resolutions for training the silly, over-active, sneaky mind
New Years Day soup lunch with the beloveds. Note: tablecloth! And white-out snow conditions outside!
It’s 10:30pm on New Year’s Eve, two hours after our children are usually nestled into bunk beds. We’re with friends, their living room turned dance floor packed with the bendy bodies of children and their parents. There are toddlers spinning and stomping, pre-schoolers believing the spotlight belongs solely to them, and the 7-10 year old crowd, all leggy grace and giggles.
Brothers, Lee and Danny, spin tunes from the inner machinations of their smartphones, noting to the children like professors of the class, Decades in Music Appreciation: The 80’s, “This song was huge when I was your age.” Out blasts Michael Jackson, Madonna, REM, and regrettably, Vanilla Ice. Although I might not have been shaking my ass (or slow-dancing to the occasional Journey ballad with Rose) if I wasn’t here with the kids, in the blurred factions of children and adults, it’s hard to say who’s having more fun.
Though the passing into a new calendar year is an arbitrary transition, and as all great spiritual teachers (and most toddlers) remind us, each moment is brand new, I like taking this opportunity to assess where greater degrees of effort or acceptance are warranted in my life. A resolution is an intention, an intention is a powerful act of self-love. And as pointed out last night at the Durango Dharma Center, a resolution is for the purpose of training. Training these silly, over-active, sneaky minds of ours.
I seek to carry out this parenting gig consciously, with continual intention towards connection and peace, which includes a good measure of falling. (Paraphrasing a Zen monk: “There is standing up practice and falling down practice.”) Creating peace and connection in our family never comes from simply wishing and waiting. Rather, it comes from gentle and pointed effort, active forgiveness, and a willingness to regard my children as deserving the same respect and kindness I expect. (In fact I just read somewhere that the best way to ensure a respectful relationship with your teenager is to nurture a two-way connection of respect now).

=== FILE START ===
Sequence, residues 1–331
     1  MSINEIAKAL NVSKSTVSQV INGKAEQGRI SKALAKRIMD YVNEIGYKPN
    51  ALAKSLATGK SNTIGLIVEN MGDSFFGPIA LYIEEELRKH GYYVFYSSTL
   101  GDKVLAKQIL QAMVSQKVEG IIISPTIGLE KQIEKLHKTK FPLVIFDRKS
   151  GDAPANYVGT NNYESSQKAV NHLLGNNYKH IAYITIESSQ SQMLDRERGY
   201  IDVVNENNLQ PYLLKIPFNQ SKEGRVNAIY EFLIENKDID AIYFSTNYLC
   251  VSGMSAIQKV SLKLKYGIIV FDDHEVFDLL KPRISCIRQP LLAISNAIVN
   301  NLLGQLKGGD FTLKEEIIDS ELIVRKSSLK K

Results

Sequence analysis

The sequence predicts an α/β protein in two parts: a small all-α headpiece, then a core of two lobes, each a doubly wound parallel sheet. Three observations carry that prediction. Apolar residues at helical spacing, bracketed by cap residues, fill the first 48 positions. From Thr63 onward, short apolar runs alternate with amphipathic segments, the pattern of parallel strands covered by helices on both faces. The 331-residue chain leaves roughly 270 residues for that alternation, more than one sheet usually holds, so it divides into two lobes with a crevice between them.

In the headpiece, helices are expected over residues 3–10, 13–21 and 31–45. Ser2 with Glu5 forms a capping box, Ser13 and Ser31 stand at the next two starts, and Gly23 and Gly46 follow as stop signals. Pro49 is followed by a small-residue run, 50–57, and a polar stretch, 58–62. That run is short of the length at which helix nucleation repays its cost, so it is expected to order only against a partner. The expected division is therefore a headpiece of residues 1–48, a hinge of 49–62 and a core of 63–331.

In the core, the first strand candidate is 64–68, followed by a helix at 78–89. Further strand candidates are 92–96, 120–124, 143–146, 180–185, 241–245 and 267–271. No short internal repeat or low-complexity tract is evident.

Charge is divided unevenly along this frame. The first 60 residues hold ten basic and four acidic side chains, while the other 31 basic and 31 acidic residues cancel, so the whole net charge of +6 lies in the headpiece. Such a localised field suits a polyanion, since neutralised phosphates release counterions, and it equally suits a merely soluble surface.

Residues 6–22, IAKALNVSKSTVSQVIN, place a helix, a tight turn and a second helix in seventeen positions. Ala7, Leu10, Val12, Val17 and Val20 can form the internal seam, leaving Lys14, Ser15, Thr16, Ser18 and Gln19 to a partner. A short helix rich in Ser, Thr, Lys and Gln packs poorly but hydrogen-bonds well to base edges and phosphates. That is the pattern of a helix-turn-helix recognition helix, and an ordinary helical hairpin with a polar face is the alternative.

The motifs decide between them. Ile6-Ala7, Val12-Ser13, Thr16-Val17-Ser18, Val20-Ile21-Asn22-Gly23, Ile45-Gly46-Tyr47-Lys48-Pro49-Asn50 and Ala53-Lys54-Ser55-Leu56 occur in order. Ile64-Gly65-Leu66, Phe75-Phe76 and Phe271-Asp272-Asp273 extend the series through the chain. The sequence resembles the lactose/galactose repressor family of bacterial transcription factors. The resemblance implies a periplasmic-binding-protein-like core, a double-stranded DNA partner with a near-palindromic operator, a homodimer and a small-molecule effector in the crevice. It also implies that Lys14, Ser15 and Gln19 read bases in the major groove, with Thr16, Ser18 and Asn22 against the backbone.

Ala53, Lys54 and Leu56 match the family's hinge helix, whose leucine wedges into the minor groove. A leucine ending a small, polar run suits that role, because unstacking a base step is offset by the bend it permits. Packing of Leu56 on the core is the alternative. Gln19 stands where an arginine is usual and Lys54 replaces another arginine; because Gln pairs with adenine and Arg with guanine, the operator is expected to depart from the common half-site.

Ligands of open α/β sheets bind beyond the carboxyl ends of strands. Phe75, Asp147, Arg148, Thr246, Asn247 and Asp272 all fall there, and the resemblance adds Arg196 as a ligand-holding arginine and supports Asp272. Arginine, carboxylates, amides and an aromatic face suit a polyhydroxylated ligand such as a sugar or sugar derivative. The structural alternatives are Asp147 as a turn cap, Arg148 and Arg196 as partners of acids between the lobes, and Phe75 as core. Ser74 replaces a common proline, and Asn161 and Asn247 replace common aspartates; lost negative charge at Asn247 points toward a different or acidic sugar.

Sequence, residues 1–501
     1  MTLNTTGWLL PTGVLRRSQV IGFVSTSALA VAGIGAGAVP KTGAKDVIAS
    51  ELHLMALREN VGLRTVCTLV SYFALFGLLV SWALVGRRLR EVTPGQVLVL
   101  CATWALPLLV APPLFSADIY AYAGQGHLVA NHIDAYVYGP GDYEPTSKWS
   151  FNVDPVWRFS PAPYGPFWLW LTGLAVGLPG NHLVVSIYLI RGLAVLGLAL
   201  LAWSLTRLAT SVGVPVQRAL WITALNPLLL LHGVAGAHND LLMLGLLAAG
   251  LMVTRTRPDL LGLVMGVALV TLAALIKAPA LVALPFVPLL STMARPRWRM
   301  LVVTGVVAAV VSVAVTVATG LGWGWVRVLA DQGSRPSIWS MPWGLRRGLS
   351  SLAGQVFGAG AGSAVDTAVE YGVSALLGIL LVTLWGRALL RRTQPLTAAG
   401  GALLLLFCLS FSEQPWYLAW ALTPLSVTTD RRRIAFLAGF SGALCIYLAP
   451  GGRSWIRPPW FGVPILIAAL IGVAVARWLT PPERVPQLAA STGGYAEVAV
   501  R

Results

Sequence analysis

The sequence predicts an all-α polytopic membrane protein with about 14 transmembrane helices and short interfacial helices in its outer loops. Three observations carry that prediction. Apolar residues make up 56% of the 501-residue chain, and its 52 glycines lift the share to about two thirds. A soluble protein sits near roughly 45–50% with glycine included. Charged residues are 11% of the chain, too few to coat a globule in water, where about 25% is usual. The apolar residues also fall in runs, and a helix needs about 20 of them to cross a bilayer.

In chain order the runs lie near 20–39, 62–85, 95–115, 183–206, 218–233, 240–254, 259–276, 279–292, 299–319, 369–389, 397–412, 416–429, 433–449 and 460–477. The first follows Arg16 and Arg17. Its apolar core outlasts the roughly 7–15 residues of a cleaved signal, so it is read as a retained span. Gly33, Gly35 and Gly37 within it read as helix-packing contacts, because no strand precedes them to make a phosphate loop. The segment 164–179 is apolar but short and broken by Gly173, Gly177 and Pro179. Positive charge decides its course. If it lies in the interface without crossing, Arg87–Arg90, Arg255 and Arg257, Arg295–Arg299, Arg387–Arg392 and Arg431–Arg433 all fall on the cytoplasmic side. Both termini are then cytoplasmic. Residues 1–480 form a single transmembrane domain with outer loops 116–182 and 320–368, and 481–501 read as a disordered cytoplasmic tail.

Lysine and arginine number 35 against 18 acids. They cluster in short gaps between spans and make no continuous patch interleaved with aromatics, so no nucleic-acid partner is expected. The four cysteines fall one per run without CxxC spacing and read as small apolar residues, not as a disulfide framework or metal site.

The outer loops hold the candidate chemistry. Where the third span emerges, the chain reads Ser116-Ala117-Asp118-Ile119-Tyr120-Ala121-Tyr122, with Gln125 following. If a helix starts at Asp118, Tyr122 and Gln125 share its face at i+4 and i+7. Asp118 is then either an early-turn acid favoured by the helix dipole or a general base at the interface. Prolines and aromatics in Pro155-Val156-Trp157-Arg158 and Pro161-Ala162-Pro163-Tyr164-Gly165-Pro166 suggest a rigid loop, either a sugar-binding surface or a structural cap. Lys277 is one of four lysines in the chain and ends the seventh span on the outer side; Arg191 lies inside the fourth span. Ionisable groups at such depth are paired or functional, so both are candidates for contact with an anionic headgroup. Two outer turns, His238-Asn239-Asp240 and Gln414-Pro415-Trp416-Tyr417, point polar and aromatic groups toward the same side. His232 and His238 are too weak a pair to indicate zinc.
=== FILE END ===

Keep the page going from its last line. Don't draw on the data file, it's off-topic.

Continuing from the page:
If Hugh Hefner drank hot chocolate and lived in snow country.
The funny thing is that this is not exactly intuitive. There were times that I would have downloaded an app into my brainstem and given a pint of flesh for a roadmap called “child compliance” to lead me through the thick trees of parenting, no matter the method. But, too many of these “methods” (wait – is yelling and excessive sighing a method?) gave me an existential hang over immediately afterwards. (Which is a good barometer: if you feel remorse after interacting with your child, this is an indicator that there are places that need gentle attention).
There are myriad parenting books, coaches and classes. There are websites, support groups and inspirational Facebook quotes. There is the sacred act of taking a deep breath before responding to your children, remembering that all their misconduct is a function of them trying to get their normal, human needs met.